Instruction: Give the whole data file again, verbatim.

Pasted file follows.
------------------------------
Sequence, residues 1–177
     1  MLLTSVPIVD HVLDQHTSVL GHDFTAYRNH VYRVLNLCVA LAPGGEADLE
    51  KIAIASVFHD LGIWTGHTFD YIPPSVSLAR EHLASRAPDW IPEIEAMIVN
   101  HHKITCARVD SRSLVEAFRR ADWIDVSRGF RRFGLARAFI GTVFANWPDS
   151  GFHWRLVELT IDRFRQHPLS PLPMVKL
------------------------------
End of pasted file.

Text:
Sequence, residues 1–177
     1  MLLTSVPIVD HVLDQHTSVL GHDFTAYRNH VYRVLNLCVA LAPGGEADLE
    51  KIAIASVFHD LGIWTGHTFD YIPPSVSLAR EHLASRAPDW IPEIEAMIVN
   101  HHKITCARVD SRSLVEAFRR ADWIDVSRGF RRFGLARAFI GTVFANWPDS
   151  GFHWRLVELT IDRFRQHPLS PLPMVKL